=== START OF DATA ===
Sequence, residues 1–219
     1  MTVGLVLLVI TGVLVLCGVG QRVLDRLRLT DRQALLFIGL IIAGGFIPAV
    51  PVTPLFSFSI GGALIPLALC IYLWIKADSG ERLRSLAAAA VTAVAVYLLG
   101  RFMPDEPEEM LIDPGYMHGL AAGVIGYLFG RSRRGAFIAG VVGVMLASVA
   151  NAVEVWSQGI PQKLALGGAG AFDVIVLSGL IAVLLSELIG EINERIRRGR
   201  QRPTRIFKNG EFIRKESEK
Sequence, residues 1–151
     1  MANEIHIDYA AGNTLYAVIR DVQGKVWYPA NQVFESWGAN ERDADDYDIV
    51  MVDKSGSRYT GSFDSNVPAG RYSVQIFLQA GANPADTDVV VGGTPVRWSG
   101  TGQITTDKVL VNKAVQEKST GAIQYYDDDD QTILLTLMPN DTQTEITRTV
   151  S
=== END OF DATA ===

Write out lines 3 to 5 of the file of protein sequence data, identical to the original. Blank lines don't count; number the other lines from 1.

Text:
    51  PVTPLFSFSI GGALIPLALC IYLWIKADSG ERLRSLAAAA VTAVAVYLLG
   101  RFMPDEPEEM LIDPGYMHGL AAGVIGYLFG RSRRGAFIAG VVGVMLASVA
   151  NAVEVWSQGI PQKLALGGAG AFDVIVLSGL IAVLLSELIG EINERIRRGR